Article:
Dodgers: Justin Turner has had a quiet postseason compared to his usually robust Octobers, batting .209 with one homer and four RBIs, but that one homer was huge, a solo shot in a three-run first inning of a 3-1 NLCS Game 6 win. He also made a huge defensive play in Game 7, diving to tag Dansby Swanson in a rundown between third and home, scrambling to one knee and throwing out Austin Riley at third to complete a double play.
Rays: Joey Wendle went six for 11 with four runs, one strikeout and one walk in the first three games of the division series, but in nine games since he’s hit .111 with two RBIs and nine strikeouts. If Wendle continues to struggle, he could lose playing time to Diaz.
Dodgers: AJ Pollock emerged as the everyday starter by hitting a team-high 16 homers and 34 RBIs in the regular season, but his .229 average), no homers and two RBIs in 11 playoff games could turn the position back into a platoon with the left-handed-hitting Joc Pederson, who is batting .375 with a homer and five RBIs in 10 playoff games.
Rays: Randy Arozarena, the 25-year-old rookie from Cuba who missed the start of the season after a positive COVID-19 test, has been the breakout star of the playoffs, batting .382 (21 for 55) with a 1.288 OPS, seven homers 10 RBIs and 14 runs in 14 games. The slugger has more than twice as many postseason hits as any other Rays player.
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Dodgers: Cody Bellinger didn’t come close to replicating his 2019 MVP season, batting .239 with 12 homers and 30 RBIs, but he’s been more locked in October, batting .250 with three homers and 10 RBIs. Bellinger is shortening his swing with two strikes and spoiling tough pitches like he did Sunday, when he capped an eight-pitch at-bat with a game-winning homer in the seventh.
Rays: Kevin Kiermaier won’t strike fear into opposing pitchers, but his glove will frustrate opposing hitters. Kiermaier has been one of baseball’s best defensive center fielders since 2010, as he showed in Game 3 of the ALCS, when he made two diving catches, one of a Carlos Correa flare to shallow center with runners on second and third in which Kiermaier covered 64 feet in 3.8 seconds.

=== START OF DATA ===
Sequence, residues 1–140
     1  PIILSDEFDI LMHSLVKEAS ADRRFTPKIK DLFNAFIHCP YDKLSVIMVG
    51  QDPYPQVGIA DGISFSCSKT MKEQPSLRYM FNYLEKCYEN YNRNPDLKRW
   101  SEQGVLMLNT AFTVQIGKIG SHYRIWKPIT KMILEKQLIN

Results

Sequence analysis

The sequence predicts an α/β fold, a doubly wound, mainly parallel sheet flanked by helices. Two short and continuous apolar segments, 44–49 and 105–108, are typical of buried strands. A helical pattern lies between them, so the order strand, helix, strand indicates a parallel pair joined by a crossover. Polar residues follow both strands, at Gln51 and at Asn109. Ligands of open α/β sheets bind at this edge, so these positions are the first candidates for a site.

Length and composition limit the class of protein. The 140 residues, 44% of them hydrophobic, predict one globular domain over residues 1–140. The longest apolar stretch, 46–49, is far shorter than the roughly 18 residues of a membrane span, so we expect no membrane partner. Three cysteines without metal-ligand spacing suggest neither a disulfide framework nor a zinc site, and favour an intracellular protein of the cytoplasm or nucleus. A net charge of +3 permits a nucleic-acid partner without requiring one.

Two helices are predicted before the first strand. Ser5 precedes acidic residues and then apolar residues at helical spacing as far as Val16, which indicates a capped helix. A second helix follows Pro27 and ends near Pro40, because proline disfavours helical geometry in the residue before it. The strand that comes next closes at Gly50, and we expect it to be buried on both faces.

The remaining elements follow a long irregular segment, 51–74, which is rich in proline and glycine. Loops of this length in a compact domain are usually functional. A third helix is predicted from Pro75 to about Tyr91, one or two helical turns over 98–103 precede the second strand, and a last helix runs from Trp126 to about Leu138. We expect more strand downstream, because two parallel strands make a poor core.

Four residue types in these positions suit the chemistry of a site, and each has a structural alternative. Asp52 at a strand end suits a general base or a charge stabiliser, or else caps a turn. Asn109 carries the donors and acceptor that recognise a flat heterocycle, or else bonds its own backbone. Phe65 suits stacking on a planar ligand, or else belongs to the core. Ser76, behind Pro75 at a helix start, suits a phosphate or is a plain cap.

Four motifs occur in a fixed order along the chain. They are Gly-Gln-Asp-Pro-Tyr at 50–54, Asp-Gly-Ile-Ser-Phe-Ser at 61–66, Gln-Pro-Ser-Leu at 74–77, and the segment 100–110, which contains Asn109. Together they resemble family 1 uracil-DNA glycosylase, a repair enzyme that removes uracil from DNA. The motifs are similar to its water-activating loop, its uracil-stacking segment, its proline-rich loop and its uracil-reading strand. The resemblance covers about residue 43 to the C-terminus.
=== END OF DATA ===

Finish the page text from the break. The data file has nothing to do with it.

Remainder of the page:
Dodgers: Mookie Betts made brilliant plays in each of the final three NLCS games, racing in to make a shoestring catch of Swanson’s flare with runners on second and third in Game 5, leaping at the wall to rob Marcell Ozuna of extra bases in Game 6 and robbing Freddie Freeman of a homer in Game 7. He’s hitting .311 with 10 runs and eight walks in 12 playoff games.
Rays: Manuel Margot has provided surprising power in the playoffs, with five homers and 11 RBIs in 13 games. He also made a superb play in Game 2 of the ALCS, racing into foul territory to make a leaping catch of George Springer’s slicing drive with two on before tumbling over the wall and falling six feet to the ground. He held onto the ball for the final out.
Dodgers: Austin Barnes will catch Kershaw, but Will Smith will handle the bulk of the catching duties. Smith had a five-hit, three-RBI game in the division series-clincher against the Padres and two huge hits in the NLCS, a score-tying three-run homer in the sixth inning of Game 5 and a score-tying two-run single in the third inning of Game 7.
Rays: Mike Zunino is a subpar defender who has thrived at the plate in his first postseason. The all-or-nothing slugger is batting .216, but four of those hits are homers, and he has eight RBIs. Zunino hit a solo homer and a sacrifice fly in Tampa Bay’s 4-2 win over Houston in Game 7 of the ALCS.
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Dodgers: Pederson, Smith, Pollock, Turner and Edwin Rios have been rotating , but they’ve combined to hit only .195 with one homer, four RBIs, with 12 strikeouts and two walks as the DH.
Rays: Diaz, Hunter Renfroe, Yoshi Tsutsugo and Austin Meadows have provided minimal production, combining to hit .135 with a .526 OPS, two homers, two doubles, three RBIs and 13 strikeouts in 14 playoff games.
Dodgers: Hernández can play every position but catcher and provides a potent right-handed bat against left-handed starters or relievers. Pederson and Rios are solid left-handed-hitting options to pinch-hit, DH or play the field. Backup catcher Barnes is a strong defender and game-caller.
Rays: There isn’t nearly as much firepower as the Dodgers’ bench, but Cash can create platoon options with right-handed-hitting corner infielder Diaz, outfielder Renfroe and first baseman Mike Brosseau, and outfielderTsutsugo provides a bat from the left side.